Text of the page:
When plus-size eleven-year old Kyle enters a recipe in an online contest, he wins a coveted spot on the wildly successful junior chef show, Kids in the Kitchen. The winner will take home $100,000 and a summer internship with a celebrity chef. Kyle knows exactly which chef he’ll choose: his own father. His dad may be a top New York chef, but he’s not a top father. He leaves Tampa Bay when Kyle is five years old, leaving behind a battered notebook of handwritten recipes. Kyle mourns the loss of his father and turns to food and food television to fill the void. Kyle dreams of a world where he’ll be judged by his body of work and not his fat body. Winning this cooking competition will show his father he can be good at something and he deserves his dad’s love. There’s only one problem: Kyle can’t cook!
Kyle turns to Dad’s old notebook and finds a recipe he decides to tweak for the contest, and it wins him a spot on the show. Now all he has to do is learn to cook. Best friend Addie has the perfect solution: learn from YouTube. With her help, he pours his energy into learning the basics and feels he is ready. On the eve before the cooking show, Kyle shows how unprepared he really is. He sets his apron on fire setting the smoke alarms off which causes the evacuation of all guests. As if this wasn’t embarrassing enough, all kid chefs are staying in his hotel, and now everyone knows he’s the boy “who set the hotel on fire.” When news cameras show up, Kyle hides.
Kyle must win the competition to show his chef father that he is worthy of his attention. If he doesn’t win, he may never have another chance at a relationship with his father.
Complete at 45,000 words FAKING IT is a middle grade contemporary novel. It will appeal to fans of “MasterChef Junior,” THE NEXT BEST JUNIOR CHEF, and BETTER NATE THAN EVER. Kyle’s story is own voices for weight and body image. Kyle’s recipe for Grown Up Grilled Cheese is an original recipe I wrote that won a cooking contest. Like Kyle, I’ve won food contests without ever cooking any of my dishes! FAKING IT was named “Readers’ Favourite” in the WMCA 2019.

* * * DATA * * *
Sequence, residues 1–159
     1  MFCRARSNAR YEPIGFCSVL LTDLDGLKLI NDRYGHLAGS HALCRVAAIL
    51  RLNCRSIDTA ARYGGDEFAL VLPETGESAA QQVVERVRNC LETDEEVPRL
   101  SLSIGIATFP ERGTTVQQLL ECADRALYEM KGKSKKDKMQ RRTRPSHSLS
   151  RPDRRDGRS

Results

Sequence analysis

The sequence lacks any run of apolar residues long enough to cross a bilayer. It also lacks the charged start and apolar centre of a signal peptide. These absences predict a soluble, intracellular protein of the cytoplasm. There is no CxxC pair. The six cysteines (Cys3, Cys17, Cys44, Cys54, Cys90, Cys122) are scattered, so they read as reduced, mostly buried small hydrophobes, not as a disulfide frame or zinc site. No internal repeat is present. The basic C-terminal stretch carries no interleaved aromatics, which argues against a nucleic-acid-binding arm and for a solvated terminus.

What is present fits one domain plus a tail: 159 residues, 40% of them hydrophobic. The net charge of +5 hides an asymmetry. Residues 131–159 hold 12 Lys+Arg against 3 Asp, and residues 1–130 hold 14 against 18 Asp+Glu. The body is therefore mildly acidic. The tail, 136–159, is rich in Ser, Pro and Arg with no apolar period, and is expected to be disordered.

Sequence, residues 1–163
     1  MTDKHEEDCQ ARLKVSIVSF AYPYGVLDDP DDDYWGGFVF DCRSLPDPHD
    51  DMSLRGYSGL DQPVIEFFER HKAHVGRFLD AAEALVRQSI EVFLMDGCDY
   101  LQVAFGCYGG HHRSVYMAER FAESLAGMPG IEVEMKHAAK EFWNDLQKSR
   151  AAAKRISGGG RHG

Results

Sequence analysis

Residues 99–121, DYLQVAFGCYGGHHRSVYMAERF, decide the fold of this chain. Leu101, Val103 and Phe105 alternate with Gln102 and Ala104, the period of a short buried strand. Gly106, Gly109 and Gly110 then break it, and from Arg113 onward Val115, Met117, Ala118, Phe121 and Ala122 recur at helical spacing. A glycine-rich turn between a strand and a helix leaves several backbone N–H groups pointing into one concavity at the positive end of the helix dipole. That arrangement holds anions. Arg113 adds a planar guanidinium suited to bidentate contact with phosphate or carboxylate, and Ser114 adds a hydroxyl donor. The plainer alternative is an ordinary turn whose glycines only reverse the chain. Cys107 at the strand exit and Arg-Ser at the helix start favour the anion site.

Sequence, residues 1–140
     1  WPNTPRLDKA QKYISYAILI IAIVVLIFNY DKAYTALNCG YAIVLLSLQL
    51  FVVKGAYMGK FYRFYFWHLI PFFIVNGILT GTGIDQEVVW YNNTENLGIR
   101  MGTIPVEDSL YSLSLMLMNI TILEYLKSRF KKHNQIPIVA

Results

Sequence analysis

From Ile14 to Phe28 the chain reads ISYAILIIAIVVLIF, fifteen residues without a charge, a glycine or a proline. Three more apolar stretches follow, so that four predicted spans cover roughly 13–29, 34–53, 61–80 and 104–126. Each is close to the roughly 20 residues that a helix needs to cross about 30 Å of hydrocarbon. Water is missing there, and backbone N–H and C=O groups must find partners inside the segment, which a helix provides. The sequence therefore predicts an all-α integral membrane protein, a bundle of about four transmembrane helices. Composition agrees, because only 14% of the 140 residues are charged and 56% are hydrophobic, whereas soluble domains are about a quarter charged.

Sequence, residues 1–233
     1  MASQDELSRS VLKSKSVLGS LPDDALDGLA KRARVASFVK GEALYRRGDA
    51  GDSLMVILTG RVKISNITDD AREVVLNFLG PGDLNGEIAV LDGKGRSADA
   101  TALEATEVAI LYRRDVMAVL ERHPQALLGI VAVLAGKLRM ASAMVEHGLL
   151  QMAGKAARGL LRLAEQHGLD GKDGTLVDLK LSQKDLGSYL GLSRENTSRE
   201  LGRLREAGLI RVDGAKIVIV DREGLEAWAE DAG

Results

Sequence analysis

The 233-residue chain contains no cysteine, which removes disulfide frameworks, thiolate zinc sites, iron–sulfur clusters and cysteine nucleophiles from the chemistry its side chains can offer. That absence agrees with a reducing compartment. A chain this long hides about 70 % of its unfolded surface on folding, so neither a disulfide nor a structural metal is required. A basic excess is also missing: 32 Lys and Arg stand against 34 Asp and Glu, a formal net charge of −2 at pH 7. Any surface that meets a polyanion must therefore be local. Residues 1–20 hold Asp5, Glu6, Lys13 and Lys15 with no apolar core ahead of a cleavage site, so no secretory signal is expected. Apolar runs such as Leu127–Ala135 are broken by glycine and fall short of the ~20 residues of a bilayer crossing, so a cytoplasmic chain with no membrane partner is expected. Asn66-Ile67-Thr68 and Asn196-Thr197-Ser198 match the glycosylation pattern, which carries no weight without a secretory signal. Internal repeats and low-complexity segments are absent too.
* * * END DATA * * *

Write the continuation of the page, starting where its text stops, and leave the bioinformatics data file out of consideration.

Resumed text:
Episode six is my favorite. It shows Dad teaching two eight-year olds how to make a “Sunday sauce.” The chef, my dad, explains how Sunday sauce is rich red sauce Italian grandmothers pass along to their grandchildren. I stop mid-slice, setting my knife on the kitchen counter. The kids watch with wide eyes as he shows each ingredient to the camera before dumping it into the saucepan. The boy adds a small bowl of chopped garlic, beaming up at my dad and giggling. The little girl stands on a stool stirring the sauce. The kids are all smiles withmy dad on his cooking show. He smiles back atthem,and all I can think is: I can’t remember the last time he smiled at me that way.
The back door creaks open, and I close the window on my computer. I pick up my knife and get back to work. My dad will be so proud of me, he’ll smile at me like he smiled at those other two kids. I’m determined to get this right and win. I can’t let anyone know I’m really a big, fat fake.
“What’re you watching?” Addie asks hurrying to my side. I keep my head down and peek up at her as my face heats up. Caught in the act! Addie won’t understand. She’ll say I’m wasting time watching my dad’s show again. She’s my best friend, but it’s hard to make her understand why I watch him over and over. It feels safe to me.
No one ever said butchery was easy. I slide the steel blade down the delicate white backbone careful not to pierce the meat on either side. I want to get two clean, unbroken cuts. They make it look easy in videos. My dad could do this in his sleep.
Lesson #1: Don’t trust videos. You see the edited, cleaned-up version. You don’t see the hundred early attempts and apocalyptic fails.
“Kyle, do you need to watch it again?” Addie asks with her face scrunched up and she has that You’re- not-doing-it- right!-expression that she gets when my performance is not up to her caliber of excellence. The knife shakes in my hand, but I rein it in trying not to get frazzled by her scowl. She’s only five feet tall, and I tower over her, but it’s smart not to mess with Addie, trust me. She’s my best friend and a master perfectionist. I can’t let her make me nervous. Chef Graysen Randell always says, “A top competitor must keep his cool at all times.” He’s my chef hero, and I channel him every time I try a new skill. Well, him and my dad. My dad’s almost as famous a celebrity chef as Graysen Randell. Too bad he’s not much of a father.
The doorbell rings and I jump. I drop the knife on the counter. As it clatters to a stop, I glance over at Addie who’s staring at me. “Gah, Kyle! Nervous, much?”